Atlanta fire chief Kelvin Cochran was fired last Tuesday by Atlanta Mayor Kasim Reed.
Cochran has been a firefighter since 1981 and was appointed Atlanta’s fire chief in 2008. In 2009, President Obama appointed him as U. S. Fire Administrator for the United States Fire Administration in Washington, D. C. In 2010 he returned to serve as Atlanta’s fire chief.
After 34 years of service he must have done something pretty bad to get fired, so what was it? Did he let someone’s house burn down? Nope. Did he suddenly get incompetent at dealing with his staff? Did he launch an unauthorised, bold new plan to reform the fire service in Atlanta? No, and no.
He wrote and published a book about sex. It is called, Who Told You That You Were Naked? – the question God asks Adam and Eve after the Fall in Genesis -- to provide guidance to a men’s Bible study group embarking on a study, “A Quest for Authentic Manhood.” In it, the Baptist deacon and teacher gives a theological interpretation of Biblical texts on sex. That was in 2013.
Ryan Anderson at The Daily Signal continues the story:
In late 2014, retired Atlanta Fire Department Capt.Cindy Thompson contacted GA Voice, a Georgian LGBT group, to protest Cochran’s book and its mention of homosexuality. Thompson then brought the book to the Mayor’s LGBT liaison, Robin Shahar. Soon afterwards, LGBT activist groups began to rally for the fire chief to be fired.
The activists point to only one page in the book which mentions homosexuality as one among many sexual sins from a Christian perspective.
Mayor Reed promptly responded to the activists, issuing Chief Cochran a month-long without-pay suspension, ordering him to undergo sensitivity training, and then—after a month’s investigation—dismissing the chief. At a news conference, Reed summarized his reasons for dismissing the fire chief, “This is about judgment…This is not about religious freedom, this is not about free speech… Judgment is the basis of the problem.”
But it is about free speech, Ryan points out, and not about discriminatory practical judgements Cochran might make (since he hasn’t made any yet):
Yet a month earlier Reed released a statement saying, “I profoundly disagree with and am deeply disturbed by the sentiments expressed in the paperback regarding the LGBT community. I will not tolerate discrimination of any kind within my administration.” But the mayor never pointed to any acts of discrimination from Cochran. He only disagreed with the book the chief wrote.
The mayor also stated that he believes Cochran’s book may leave the city vulnerable to potential for litigation, although it is unclear how this might be the case. In 34 years of service, Cochran has never been accused of discrimination by any employee, and Reed did not release any evidence of discrimination after the month-long investigation.
Since that is the case, another of Reed’s stated reasons for firing Cochran -- that the book may leave the city vulnerable to potential for litigation – looks weak. And his accusation that the fire chief did not consult him before publishing the book does not match the facts:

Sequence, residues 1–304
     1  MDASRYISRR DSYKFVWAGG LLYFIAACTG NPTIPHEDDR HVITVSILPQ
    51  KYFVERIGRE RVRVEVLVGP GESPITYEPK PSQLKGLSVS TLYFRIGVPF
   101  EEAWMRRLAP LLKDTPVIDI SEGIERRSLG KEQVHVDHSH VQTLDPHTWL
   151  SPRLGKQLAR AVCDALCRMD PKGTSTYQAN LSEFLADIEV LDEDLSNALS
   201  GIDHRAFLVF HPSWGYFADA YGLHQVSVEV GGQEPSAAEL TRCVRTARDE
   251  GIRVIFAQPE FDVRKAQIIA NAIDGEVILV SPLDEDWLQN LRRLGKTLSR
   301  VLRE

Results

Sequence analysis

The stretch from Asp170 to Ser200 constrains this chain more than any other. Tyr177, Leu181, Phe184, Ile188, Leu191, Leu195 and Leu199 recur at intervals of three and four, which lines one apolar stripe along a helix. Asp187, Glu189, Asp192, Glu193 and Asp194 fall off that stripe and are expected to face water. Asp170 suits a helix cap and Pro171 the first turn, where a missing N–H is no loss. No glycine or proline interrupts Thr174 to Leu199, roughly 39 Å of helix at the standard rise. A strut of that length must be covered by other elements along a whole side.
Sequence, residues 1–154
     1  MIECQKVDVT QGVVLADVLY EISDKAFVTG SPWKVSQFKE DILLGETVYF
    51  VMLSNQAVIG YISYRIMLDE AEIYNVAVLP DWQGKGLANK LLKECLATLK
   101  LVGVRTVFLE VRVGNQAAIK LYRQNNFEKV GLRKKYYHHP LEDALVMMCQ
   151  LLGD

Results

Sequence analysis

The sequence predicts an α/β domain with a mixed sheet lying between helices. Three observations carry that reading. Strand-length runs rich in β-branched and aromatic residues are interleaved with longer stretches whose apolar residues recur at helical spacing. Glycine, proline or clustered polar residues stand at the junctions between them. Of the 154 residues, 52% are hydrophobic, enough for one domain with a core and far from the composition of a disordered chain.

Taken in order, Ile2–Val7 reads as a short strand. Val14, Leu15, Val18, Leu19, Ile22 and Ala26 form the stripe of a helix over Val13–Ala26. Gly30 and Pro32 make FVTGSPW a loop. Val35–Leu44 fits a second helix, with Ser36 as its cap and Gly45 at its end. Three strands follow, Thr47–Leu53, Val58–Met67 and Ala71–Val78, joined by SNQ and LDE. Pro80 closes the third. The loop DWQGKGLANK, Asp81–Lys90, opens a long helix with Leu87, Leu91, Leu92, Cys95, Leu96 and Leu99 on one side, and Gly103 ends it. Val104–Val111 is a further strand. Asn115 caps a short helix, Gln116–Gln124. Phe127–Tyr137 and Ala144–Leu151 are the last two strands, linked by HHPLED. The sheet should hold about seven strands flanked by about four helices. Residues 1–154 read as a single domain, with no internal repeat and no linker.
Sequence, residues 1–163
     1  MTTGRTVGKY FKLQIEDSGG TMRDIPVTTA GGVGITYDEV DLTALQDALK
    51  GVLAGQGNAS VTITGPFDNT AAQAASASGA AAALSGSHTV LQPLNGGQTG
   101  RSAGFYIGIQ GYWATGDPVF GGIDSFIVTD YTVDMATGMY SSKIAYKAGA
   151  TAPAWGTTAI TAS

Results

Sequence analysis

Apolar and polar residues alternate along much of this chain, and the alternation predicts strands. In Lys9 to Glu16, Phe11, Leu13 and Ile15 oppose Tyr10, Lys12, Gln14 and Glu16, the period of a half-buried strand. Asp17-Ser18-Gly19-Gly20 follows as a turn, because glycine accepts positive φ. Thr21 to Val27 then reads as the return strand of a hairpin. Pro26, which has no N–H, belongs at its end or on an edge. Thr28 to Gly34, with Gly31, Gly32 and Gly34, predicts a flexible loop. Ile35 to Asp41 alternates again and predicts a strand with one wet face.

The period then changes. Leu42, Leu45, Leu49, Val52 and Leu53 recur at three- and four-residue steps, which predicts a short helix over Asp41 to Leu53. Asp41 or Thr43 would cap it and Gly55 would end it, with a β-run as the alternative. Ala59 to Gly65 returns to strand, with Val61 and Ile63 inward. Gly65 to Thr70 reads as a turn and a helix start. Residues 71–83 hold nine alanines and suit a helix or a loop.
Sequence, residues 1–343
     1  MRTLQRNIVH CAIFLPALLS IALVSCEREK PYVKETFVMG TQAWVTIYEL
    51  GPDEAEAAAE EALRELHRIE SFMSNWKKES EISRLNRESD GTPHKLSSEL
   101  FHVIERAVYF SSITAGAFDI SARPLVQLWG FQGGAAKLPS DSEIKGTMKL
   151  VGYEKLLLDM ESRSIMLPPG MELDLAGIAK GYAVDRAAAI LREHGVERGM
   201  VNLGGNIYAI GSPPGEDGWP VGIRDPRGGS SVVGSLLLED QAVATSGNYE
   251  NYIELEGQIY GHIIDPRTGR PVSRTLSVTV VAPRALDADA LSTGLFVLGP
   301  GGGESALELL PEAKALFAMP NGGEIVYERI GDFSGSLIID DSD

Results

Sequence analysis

… Cochran says he did confer with the city’s ethics officer before publishing the book and was granted verbal permission. Cochran also reported that he gave a copy of the book to the mayor’s executive assistant in January 2014—10 months before the suspension.
Ryan goes on to point out that Reed’s actions are not in line with Supreme Court rulings that “so long as employees are speaking as citizens about matters of public concern, they must face only those speech restrictions that are necessary for their employers to operate efficiently and effectively.”
Does Cochran’s “speech” on matters of sexual morality interfere with the Atlanta Fire Service's ability to do its job? Only if the job depends on appeasing gay activist groups whenever they object to an employee's opinions. As Ryan says, “would an Atlanta citizen who is gay be afraid to dial 911 if his house was burning down, simply because he heard about Cochran’s book? Not likely.”
At a moment when, because of the terrorist killings of the Charlie Hebdo staff and six other victims in Paris, free speech -- no matter how provocative -- is being defended with almost religious fervour, it is deeply ironic that a sincere Christian is being persecuted for publishing views which, until five minutes ago historically, were absolutely mainstream.
(There is, however, a little "I am Kelvin Cochran" style campaign building in the Amazon reviews.)
But of course it is not the only instance: among others Ryan Anderson himself has been identified by a New York Times reporter as a person “unworthy of respect” for his views on marriage policy. Indeed, one hardly has to speak at all on the subject to be accused of illegal discrimination or bigotry – just saying no to a wedding cake order or making a private donation could wreck your career/livelihood just as effectively as writing a whole book.
If people like Kelvin Cochran can lose their jobs for publishing their views on sexual morality, not all the candlelight vigils and solemn marches in the world will save free speech.
Carolyn Moynihan writes for MercatorNet, from where this article is adapted.